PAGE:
“My father had just driven leaders of the Invaders to Dr King’s motel when he heard the gunfire,” says Leta. “He looked up and saw Dr King fall. Someone shouted: ‘Dr King’s been shot!’ My father’s military training kicked in, and he ran up the external staircase to Dr King, grabbed a towel from a cleaning cart and crawled to Dr King’s side, half-expecting to be shot.

“He could see the wound was severe, and the smell of gunpowder was so strong my father was convinced the round had exploded in Dr King’s neck – it was no common bullet.

“My father’s shirt was soaked in Dr King’s blood. He was in shock as Dr King lay dying beside him, and it traumatised him for years. He began drinking and having affairs because he was experiencing trauma we now know as PTSD. The assassination haunted him. It became an albatross around his neck.

“The photo of my father kneeling beside Dr King was everywhere in Memphis, but we never had a copy in our home. Nobody ever spoke about it.

“The silence around it became filled with fear. I knew my father was a police officer, but I had no idea he worked undercover as a spy.”

Mac finally agreed to answer all Leta’s unspoken questions when she began writing her book. “I interrogated him for almost seven years,” she says. “At times it was excruciating for him opening old wounds, and I shared his pain. He dismissed the books accusing him of being part of an elite assassination unit, saying, ‘Nothing could be further from the truth’.”

The FBI had used dirty tricks to discredit King, and tried blackmailing him with the tape-recording of an alleged sexual encounter with a mistress, urging King to commit suicide rather than shame the civil rights movement.

Mac insists: “I was never asked to engage in dirty tricks,” but admits his reports were shared with the FBI.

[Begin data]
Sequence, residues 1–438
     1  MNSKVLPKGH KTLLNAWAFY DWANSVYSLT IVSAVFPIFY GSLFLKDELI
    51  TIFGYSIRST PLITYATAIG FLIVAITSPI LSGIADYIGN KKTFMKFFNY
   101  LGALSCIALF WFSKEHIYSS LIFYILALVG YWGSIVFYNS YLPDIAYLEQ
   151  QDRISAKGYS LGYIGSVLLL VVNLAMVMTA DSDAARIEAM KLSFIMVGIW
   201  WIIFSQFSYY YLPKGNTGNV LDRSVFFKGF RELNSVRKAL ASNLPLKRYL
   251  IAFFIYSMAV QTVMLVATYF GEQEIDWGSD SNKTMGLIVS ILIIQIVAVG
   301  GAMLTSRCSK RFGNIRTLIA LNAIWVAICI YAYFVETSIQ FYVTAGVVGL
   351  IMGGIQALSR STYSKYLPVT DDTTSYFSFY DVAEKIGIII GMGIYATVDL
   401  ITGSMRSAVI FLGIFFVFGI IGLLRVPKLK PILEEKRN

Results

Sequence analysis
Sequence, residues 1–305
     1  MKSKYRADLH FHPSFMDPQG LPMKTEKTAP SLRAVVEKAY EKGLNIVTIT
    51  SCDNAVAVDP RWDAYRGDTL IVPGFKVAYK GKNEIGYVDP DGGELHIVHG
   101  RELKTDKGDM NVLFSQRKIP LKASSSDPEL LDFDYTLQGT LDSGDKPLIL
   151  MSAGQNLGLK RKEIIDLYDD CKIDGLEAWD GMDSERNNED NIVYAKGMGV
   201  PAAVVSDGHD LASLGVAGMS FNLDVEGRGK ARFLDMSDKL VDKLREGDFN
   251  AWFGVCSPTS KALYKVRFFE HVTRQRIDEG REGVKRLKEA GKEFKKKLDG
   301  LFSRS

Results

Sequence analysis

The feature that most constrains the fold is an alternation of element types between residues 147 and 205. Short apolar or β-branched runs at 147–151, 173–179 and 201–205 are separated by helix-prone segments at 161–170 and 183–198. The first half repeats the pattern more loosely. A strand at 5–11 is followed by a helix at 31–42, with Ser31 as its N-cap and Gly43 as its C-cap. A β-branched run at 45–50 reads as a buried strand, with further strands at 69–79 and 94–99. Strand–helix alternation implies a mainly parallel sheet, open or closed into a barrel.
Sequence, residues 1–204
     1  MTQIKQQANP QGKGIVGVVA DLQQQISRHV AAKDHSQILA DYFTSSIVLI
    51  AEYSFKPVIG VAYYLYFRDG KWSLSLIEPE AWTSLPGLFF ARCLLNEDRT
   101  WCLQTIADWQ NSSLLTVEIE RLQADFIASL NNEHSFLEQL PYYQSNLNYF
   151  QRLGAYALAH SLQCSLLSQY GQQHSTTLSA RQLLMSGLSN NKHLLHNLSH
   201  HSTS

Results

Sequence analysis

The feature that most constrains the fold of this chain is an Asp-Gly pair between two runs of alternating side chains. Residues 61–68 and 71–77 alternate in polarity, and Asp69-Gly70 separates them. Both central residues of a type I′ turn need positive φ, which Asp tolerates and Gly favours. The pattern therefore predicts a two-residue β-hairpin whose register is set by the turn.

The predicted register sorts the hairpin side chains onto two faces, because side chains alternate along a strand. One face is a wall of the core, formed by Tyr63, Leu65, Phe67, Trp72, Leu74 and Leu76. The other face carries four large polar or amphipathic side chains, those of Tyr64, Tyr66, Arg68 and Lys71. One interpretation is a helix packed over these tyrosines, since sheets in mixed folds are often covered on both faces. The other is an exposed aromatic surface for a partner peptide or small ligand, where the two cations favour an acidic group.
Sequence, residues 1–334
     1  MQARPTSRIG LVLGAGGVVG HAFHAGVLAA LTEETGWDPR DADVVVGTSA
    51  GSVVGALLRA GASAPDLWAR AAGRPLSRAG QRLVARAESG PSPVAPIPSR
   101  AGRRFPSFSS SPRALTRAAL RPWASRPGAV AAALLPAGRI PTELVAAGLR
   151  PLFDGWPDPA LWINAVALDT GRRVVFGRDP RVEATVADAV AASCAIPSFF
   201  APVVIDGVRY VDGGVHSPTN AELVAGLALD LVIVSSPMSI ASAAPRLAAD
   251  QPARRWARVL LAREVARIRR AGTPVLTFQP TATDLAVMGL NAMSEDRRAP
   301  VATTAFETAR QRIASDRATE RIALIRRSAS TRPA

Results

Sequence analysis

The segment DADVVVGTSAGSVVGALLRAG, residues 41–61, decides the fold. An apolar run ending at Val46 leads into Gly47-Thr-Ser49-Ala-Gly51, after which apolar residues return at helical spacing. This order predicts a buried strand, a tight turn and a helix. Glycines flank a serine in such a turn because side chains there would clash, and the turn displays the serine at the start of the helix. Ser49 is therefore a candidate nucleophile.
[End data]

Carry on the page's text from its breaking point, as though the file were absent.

“My father doesn’t feel that he betrayed his race or the civil rights movement,” says Leta. “He was simply reporting truthfully on the actions of a potentially dangerous militant group.” But questions continued to surface. One member of the Invaders claimed that Mac was always armed, and “was one of the most provocative members of the Invaders”.

Mac admitted driving two Invaders to fire-bomb a Memphis politician’s home, though Leta insists: “He never instigated any action or took part in it.”

Escaped convicted bank robber James Earl Ray, 40, later admitted shooting Dr King with a Remington .30-06 rifle from a rooming house across the street. Captured on the run in Britain, he later recanted his confession and claimed he did not pull the trigger, but had been part of a conspiracy. He died in prison in 1998, aged 70, still trying to clear his name.

Merrill McCollough and his daughter Leta McCollough in 1987

Merrill McCollough and his daughter Leta McCollough in 1987 (Image: Leta McCollough Seletzky)

ABC TV’s respected Primetime Live investigative series reported on Memphis restaurateur Loyd Jowers, who claimed Mac was among several police officers who planned King’s assassination in conjunction with the US government and the Mafia.

Mac says of the alleged assassination unit: “I don’t even know if it exists.” Leaving the Memphis police to join the CIA added fuel to conspiracy theorists’ fire, but Mac insists: “It just so happens that I got a job at the CIA, and now that’s all people see, like it’s sinister or something… There’s nothing there.”

Mac is now 78, retired and living on a small farm in rural South Carolina with his second wife. “He’s read my book, and feels that it says all that he ever wants to say about Dr King’s murder,” says Leta. “He’s ready to put it behind him.”

The Lorraine Motel is still standing in downtown Memphis. But it is now a civil rights museum. Leta hopes that her father’s reputation can equally be resurrected.

“There may never be any definitive truth about what happened that day in Memphis, and there remain unanswered questions, but many of the conspiracy theories have been thoroughly debunked,” she says.

“It comes down to a question of who you believe. And I choose to believe my father.”

  • The Kneeling Man: My Father’s Life as a Black Spy Who Witnessed the Assassination of Martin Luther King Jr, by Leta McCollough Seletzky (Hurst, £22) is published on April 4. For free UK P&P, visit expressbookshop.com or call 020 3176 3832